Mio's Austin Fox rewrote the 8-player passing record book this past fall, with his 621 yards in a game against Whittemore-Prescott setting a single-game record as he totaled four of the five-highest passing yardage totals. He also set a record with 3,516 over nine games for the season, another record with 289 passing attempts over those nine games and a third record for nine touchdown passes in that game against the Cardinals. His 41 touchdown passes total rank fourth. Teammates Gage Long and Nathan Hurst also earned several record book entries on the receiving end of those passes. Long’s 297 receiving yards against Whittemore-Prescott were tied for third most, and Hurst’s 266 against Alcona rank eighth. Long set a single-season record with 1,739 receiving yards, with Hurst sixth all-time at 1,321, and Long’s 14 receptions against the Cardinals and 70 for the season also rank second on those respective lists. Hurst set a record for longest 8-player kickoff return with a 99-yarder against St. Helen Charlton Heston. All three are seniors.

Peck was one of the first MHSAA 8-player champions, claiming the title in 2013, and Cody Abrego one of the state’s first 8-player stars. The Pirates were added to the MHSAA record book 52 times, and Abrego 14 times individually. Among the most notable entries for the 2015 graduate were for 462 points scored over his two-season career (ranking sixth all-time), 74 career touchdowns (sixth), 2,202 rushing yards in 2013 (fifth) and 35 rushing touchdowns in 2013 (sixth). Current senior Caleb Lentner was one of the stars statewide this past season, and he was added eight times including for 50 points scored in a game (ranking second), 272 points for a season last fall (fifth), eight touchdowns in a game (tied for second), 42 touchdowns in a season (fifth), an 8-player record of 2,694 rushing yards from last season, and 38 rushing touchdowns also last fall (fourth). Others to make the individual lists were Nathan Robar, Caleb Dudley, Steven VanConant, Kyle Abrego and Nathan Neihaus, Dudley for a record 20 career interceptions over two seasons and VanConant for a record 12 tackles for loss in a 2022 game and 36 tackles for loss for the season last fall. The Pirates also are all over the 8-player team record book, including for a record 97 touchdowns in 2013, a record 5,895 yards of total offense that season, 528 carries, 4,346 rushing yards and 73 rushing touchdowns in 2013 (all ranking second); and 24 interceptions in 2014, which ranks second on that list.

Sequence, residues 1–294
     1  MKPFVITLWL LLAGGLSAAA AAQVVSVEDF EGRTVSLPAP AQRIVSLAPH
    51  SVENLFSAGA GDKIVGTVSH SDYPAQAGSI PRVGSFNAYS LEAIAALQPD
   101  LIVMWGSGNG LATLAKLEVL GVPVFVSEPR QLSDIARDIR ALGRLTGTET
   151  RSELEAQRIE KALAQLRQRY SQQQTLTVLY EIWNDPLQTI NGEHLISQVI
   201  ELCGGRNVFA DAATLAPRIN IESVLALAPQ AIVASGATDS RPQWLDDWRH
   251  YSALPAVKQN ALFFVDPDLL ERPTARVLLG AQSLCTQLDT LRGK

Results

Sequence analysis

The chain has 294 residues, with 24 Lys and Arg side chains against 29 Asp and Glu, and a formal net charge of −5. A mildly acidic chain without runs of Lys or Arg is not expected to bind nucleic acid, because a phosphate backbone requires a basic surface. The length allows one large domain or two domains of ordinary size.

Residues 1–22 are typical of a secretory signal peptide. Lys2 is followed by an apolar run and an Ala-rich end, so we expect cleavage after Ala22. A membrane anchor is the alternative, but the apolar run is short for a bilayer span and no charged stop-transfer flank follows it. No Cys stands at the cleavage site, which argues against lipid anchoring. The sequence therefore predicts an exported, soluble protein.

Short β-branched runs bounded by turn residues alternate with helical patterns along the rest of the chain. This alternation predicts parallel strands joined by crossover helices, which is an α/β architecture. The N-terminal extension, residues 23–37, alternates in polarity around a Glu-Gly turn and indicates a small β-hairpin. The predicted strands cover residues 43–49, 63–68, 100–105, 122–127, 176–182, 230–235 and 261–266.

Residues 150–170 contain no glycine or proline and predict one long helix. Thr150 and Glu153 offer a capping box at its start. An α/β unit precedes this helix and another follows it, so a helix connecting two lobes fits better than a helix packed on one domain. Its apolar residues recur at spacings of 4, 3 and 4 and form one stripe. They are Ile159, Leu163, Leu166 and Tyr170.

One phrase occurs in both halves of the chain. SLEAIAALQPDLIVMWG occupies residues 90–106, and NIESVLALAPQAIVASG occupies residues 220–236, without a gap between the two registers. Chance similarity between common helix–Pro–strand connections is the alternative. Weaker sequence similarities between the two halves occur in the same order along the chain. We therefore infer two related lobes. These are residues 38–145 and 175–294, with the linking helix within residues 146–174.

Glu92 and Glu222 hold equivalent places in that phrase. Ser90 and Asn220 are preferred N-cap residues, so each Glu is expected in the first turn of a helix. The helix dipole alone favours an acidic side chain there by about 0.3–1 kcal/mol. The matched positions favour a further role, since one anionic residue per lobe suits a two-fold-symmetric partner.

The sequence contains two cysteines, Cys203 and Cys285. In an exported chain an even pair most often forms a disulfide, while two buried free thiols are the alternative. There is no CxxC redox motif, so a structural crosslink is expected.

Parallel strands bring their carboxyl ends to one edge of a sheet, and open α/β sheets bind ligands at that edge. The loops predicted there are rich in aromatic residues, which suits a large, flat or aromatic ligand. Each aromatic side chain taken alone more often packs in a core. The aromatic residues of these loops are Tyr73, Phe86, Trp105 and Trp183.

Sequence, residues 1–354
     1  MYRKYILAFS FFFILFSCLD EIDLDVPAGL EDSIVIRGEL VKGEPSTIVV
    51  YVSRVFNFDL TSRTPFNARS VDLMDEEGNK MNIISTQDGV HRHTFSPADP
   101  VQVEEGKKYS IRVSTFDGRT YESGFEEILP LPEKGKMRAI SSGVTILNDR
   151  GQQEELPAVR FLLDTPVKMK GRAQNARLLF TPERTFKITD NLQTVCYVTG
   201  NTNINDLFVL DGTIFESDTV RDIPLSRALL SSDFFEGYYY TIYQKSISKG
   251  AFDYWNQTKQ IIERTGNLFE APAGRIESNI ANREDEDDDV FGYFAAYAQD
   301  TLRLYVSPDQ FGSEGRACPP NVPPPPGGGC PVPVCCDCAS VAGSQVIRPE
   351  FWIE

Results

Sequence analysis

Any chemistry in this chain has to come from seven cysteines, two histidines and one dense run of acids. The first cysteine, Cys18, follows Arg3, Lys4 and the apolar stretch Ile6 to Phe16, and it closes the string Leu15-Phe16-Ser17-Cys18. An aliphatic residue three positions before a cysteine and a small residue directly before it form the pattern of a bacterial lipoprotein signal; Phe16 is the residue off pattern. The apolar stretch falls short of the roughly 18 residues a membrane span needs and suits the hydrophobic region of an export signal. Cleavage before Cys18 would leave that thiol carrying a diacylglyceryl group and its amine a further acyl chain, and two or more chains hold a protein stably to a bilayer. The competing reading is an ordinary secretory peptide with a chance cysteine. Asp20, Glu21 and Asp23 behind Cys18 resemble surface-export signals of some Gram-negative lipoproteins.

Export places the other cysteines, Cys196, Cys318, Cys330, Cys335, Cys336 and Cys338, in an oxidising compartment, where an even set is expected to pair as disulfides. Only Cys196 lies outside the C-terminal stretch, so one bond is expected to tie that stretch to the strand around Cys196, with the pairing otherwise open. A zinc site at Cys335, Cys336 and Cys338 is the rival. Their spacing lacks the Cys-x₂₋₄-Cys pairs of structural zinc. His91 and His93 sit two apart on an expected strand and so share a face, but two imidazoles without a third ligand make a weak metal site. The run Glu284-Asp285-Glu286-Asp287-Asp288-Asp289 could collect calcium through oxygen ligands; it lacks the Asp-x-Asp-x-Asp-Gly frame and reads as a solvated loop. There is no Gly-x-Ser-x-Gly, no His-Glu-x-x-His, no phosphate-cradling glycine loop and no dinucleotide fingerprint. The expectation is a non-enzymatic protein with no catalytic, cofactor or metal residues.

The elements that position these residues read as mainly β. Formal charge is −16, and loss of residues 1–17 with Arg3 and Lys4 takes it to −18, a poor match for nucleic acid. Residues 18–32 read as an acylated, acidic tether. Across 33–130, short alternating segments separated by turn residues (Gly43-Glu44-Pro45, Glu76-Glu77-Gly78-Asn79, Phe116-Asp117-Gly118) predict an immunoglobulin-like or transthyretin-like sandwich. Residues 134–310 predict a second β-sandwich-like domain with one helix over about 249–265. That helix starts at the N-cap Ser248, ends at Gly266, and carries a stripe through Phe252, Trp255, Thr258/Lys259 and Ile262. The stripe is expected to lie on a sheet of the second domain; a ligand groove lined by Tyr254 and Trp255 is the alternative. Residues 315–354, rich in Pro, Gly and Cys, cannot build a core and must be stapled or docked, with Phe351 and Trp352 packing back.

Senior quarterback JR Hildebrand was one of the most dynamic players in 8-player football in the fall in leading Martin to the Division 1 title. He had one of his most exciting nights in a playoff opener against Tekonsha, making the single-game touchdown pass list with six in a 68-6 victory.

PHOTO Mendon’s Jack McCaw (21) eludes a tackle during the 8-Player Division 2 Final in November at Northern Michigan University. (Photo by Cara Kamps.)